New York Magazine

“a splendid desert—a domed and steepled solitude, where the stranger is lonely in the midst of a million of his race.”

Serendipitous encounters between people who know each other well, sort of well, and not at all. People of every type, and with every type of agenda, trying to meet up with others who share that same agenda. An environment that’s alive at all hours, populated by all types, and is, most of the time, pretty safe. What he was saying, really, was that New York had become the Web. Or perhaps more, even: that New York was the Web before the Web was the Web, characterized by the same free-flowing interaction, 24/7 rhythms, subgroups, and demimondes.

(Singledom?)

Demographics discussions are usually focussed on baby boomers. Here’s a new trend emerging worldwide:

…singlehood is rising in prevalence worldwide…

…the number of singles in the U.S. rose from 38 million in 1970 to 90 million today. Only 16% are looking for a partner.

In Europe, the trend is tied to rising costs of living. As young adults choose to live with parents or in shared households longer, they delay marriage and family.

Japan has the highest number of singles than any other industrialized nation. In addition to the prevalence of adults staying at their parents’ homes well into their twenties and thirties, Japanese women continue to choose higher education and employment over traditional roles.

In China, the rise in the number of singles coincides with the growth of middle class. As the country gains economic importance on the global stage, many younger people are choosing to remain single to reap the rewards of disposable income.

Across the globe, younger generations are increasingly focusing on individual pursuits: travel, education and career.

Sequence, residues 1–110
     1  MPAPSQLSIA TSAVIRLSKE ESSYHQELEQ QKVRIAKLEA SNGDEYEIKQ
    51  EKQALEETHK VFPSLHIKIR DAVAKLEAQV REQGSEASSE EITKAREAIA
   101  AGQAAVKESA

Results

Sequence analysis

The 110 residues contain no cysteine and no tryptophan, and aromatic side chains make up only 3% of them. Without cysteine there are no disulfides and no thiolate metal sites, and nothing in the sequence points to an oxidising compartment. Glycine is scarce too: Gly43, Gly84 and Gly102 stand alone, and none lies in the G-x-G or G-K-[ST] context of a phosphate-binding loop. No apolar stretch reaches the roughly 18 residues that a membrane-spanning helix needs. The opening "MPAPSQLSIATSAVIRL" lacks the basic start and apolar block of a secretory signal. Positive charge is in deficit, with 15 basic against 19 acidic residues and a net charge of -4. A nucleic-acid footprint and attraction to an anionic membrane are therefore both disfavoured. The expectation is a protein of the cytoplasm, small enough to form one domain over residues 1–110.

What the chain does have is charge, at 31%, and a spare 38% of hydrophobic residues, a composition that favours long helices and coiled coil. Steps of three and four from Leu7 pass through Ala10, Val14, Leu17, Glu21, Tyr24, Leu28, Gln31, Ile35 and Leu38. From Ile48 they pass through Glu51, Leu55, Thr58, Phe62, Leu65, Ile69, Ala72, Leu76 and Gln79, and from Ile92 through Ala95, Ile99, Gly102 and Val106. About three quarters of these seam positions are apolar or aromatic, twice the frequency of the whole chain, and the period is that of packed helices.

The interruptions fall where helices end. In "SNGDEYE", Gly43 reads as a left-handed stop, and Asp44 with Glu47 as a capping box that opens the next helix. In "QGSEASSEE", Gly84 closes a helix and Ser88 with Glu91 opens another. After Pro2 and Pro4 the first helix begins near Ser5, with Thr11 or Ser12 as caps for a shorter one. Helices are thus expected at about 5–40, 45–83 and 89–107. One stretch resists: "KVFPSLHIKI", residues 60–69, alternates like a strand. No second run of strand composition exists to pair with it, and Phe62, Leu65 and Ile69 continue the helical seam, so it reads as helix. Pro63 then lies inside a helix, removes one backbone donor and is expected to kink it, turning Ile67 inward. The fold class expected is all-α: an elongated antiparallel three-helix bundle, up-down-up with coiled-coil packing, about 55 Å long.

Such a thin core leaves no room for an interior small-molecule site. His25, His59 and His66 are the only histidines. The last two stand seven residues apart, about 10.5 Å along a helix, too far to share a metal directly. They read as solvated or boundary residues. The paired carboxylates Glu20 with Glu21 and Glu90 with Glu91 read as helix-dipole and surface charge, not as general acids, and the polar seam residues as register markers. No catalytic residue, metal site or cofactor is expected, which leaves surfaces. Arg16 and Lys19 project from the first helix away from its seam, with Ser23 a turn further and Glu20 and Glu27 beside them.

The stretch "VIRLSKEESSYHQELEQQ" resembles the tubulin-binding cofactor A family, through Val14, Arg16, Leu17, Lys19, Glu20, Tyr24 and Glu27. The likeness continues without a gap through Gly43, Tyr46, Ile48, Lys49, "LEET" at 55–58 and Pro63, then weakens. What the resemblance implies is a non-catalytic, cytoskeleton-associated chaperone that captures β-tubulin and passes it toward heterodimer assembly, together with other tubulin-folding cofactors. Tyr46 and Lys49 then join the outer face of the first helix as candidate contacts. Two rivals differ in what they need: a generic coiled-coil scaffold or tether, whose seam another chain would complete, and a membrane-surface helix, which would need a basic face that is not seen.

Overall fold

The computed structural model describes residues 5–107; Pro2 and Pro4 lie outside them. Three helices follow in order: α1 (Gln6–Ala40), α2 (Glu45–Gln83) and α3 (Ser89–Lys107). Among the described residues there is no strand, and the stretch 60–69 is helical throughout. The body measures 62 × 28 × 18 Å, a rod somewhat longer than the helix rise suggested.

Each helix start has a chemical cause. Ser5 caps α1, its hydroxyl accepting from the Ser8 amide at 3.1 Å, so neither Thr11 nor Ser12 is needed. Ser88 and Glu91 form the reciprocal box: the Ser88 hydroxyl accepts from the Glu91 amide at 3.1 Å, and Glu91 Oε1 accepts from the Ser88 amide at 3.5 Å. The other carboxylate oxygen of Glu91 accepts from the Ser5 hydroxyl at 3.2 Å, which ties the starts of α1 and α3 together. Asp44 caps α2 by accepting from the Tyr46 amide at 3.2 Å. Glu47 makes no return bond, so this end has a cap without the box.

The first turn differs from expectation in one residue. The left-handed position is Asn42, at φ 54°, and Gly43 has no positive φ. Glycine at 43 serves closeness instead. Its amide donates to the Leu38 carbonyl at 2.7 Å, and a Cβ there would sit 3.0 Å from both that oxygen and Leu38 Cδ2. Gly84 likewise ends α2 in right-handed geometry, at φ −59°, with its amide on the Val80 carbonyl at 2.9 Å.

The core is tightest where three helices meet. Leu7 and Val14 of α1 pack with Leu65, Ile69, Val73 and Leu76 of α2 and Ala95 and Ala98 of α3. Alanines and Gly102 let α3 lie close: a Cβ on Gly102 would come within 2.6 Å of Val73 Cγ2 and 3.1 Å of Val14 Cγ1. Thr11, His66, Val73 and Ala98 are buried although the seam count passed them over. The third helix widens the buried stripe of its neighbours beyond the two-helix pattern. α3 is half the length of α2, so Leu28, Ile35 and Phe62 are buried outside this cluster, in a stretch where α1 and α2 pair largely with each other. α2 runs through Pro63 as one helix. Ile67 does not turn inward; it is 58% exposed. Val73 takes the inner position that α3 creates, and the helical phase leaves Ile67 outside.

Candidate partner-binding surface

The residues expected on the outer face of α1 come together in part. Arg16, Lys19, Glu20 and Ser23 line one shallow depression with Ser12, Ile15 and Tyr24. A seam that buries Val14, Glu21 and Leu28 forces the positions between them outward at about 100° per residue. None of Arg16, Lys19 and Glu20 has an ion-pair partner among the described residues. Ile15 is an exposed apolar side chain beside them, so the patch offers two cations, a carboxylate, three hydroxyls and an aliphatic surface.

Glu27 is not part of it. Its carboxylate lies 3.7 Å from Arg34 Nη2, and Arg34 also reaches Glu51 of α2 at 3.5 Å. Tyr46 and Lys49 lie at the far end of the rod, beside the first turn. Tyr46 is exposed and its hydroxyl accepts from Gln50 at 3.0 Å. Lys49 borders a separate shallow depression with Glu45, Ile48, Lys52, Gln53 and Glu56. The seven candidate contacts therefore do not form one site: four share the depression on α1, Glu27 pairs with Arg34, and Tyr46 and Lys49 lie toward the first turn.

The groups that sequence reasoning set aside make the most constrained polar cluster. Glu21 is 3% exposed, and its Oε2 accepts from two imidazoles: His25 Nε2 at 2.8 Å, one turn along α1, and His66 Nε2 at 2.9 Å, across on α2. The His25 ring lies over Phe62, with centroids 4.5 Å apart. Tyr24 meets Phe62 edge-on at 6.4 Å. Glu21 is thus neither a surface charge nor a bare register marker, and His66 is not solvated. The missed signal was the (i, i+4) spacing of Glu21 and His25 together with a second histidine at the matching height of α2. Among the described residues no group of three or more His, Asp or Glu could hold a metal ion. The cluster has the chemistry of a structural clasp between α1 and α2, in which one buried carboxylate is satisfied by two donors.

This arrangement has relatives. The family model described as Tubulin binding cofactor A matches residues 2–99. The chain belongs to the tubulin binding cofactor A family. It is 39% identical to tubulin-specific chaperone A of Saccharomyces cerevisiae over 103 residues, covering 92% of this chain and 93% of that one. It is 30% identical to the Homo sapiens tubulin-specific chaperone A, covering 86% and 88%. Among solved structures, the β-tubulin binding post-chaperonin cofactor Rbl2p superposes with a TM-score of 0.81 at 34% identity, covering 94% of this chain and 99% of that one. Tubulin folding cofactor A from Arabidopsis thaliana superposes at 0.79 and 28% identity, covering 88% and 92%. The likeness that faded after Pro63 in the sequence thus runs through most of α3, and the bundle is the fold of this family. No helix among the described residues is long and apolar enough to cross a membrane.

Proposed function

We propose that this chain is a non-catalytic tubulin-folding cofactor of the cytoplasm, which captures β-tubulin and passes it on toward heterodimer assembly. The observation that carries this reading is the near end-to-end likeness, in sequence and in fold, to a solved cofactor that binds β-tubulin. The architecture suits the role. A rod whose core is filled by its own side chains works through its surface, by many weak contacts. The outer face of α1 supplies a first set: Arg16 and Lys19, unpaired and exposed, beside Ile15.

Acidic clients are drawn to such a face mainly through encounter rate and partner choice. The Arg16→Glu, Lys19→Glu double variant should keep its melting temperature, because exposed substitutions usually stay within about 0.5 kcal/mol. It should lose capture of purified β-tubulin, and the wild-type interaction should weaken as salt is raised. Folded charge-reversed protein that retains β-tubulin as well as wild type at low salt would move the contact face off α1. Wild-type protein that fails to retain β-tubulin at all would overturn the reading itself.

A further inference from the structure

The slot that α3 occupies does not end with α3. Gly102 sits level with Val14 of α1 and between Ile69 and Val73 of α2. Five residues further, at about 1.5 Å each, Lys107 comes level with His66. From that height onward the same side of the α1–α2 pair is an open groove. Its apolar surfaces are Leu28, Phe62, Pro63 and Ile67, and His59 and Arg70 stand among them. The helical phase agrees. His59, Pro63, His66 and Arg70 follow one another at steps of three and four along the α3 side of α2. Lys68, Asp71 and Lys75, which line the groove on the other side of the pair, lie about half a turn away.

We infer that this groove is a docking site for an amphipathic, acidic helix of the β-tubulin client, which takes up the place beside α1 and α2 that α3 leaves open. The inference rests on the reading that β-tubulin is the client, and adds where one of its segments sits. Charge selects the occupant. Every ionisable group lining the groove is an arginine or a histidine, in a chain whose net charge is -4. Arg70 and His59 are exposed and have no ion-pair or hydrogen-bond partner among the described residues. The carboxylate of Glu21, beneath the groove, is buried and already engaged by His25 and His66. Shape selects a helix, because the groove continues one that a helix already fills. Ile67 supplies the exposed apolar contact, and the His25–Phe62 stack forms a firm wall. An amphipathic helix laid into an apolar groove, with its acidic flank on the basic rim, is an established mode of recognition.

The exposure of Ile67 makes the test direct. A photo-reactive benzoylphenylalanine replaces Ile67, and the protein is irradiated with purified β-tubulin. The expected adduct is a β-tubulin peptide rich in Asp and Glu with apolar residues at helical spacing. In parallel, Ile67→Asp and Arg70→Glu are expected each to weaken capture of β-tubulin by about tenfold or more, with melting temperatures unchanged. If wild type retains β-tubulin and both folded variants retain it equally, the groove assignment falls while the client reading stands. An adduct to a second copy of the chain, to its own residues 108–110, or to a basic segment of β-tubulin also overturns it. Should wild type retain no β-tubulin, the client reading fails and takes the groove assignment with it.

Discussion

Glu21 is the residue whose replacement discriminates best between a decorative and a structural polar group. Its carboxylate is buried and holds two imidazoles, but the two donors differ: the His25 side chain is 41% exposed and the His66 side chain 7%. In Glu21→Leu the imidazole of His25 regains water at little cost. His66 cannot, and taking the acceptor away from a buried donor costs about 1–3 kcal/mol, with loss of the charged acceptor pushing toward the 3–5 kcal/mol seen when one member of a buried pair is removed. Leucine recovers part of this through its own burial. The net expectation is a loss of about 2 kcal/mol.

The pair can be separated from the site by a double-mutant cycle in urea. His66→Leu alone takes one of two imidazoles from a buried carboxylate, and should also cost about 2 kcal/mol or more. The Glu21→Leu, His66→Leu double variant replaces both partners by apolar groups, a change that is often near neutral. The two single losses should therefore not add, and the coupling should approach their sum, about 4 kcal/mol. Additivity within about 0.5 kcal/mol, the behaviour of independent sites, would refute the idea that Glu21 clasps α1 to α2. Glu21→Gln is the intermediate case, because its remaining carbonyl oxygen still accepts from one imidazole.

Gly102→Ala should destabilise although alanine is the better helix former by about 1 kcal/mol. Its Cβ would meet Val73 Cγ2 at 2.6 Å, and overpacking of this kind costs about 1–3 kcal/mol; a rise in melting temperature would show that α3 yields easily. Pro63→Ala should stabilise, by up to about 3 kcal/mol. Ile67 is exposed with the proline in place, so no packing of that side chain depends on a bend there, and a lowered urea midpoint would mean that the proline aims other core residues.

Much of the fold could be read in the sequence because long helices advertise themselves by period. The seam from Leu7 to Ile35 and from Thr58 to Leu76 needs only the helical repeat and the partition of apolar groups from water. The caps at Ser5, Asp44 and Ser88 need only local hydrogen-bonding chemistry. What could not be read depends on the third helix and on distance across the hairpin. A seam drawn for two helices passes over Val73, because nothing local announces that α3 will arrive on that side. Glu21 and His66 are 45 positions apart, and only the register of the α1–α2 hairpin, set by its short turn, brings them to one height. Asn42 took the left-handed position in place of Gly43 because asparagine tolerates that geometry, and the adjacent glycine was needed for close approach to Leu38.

What does this mean for the economy? I don’t know. But if I were single I would definitely spend MORE money.

I think that more single people means more money being spent on frivolous things and experiences.

John Smith started the day early having set his alarm clock (MADE IN JAPAN )
for 6am While his coffeepot (MADE IN CHINA ) was perking,
he shaved with his electric razor (MADE IN HONG KONG )
He put on a dress shirt (MADE IN SRI LANKA ),
designer jeans (MADE IN SINGAPORE )
and tennis shoes (MADE IN KOREA )
After cooking his breakfast in his new electric skillet (MADE IN INDIA )
he sat down with his calculator (MADE IN MEXICO ) to see how much he could spend today.
After setting his watch (MADE IN TAIWAN )
to the radio (MADE IN INDIA )
he got in his car (MADE IN GERMANY )
filled it with GAS (from SAUDI ARABIA )
and continued his search for a good paying AMERICAN JOB.
At the end of yet another discouraging and fruitless day checking his Computer (Made In MALAYSIA),
Joe decided to relax for a while. He put on his sandals (MADE IN BRAZIL )
poured himself a glass of wine (MADE IN FRANCE )
and turned on his TV (MADE IN INDONESIA ),
and then wondered why he can’t find a good paying job in AMERICA

Inflation levels in Zimbabwe are running at 13.2 billion per cent a month and could reach an all-time world record within weeks.
The latest figures put the country’s annual rate at 516 quintillion per cent – 516 followed by 18 zeros – overtaking Yugoslavia in 1994 and putting it behind only Hungary in 1946.

Zimbabwean prices are currently doubling every 1.3 days.

Scary stuff.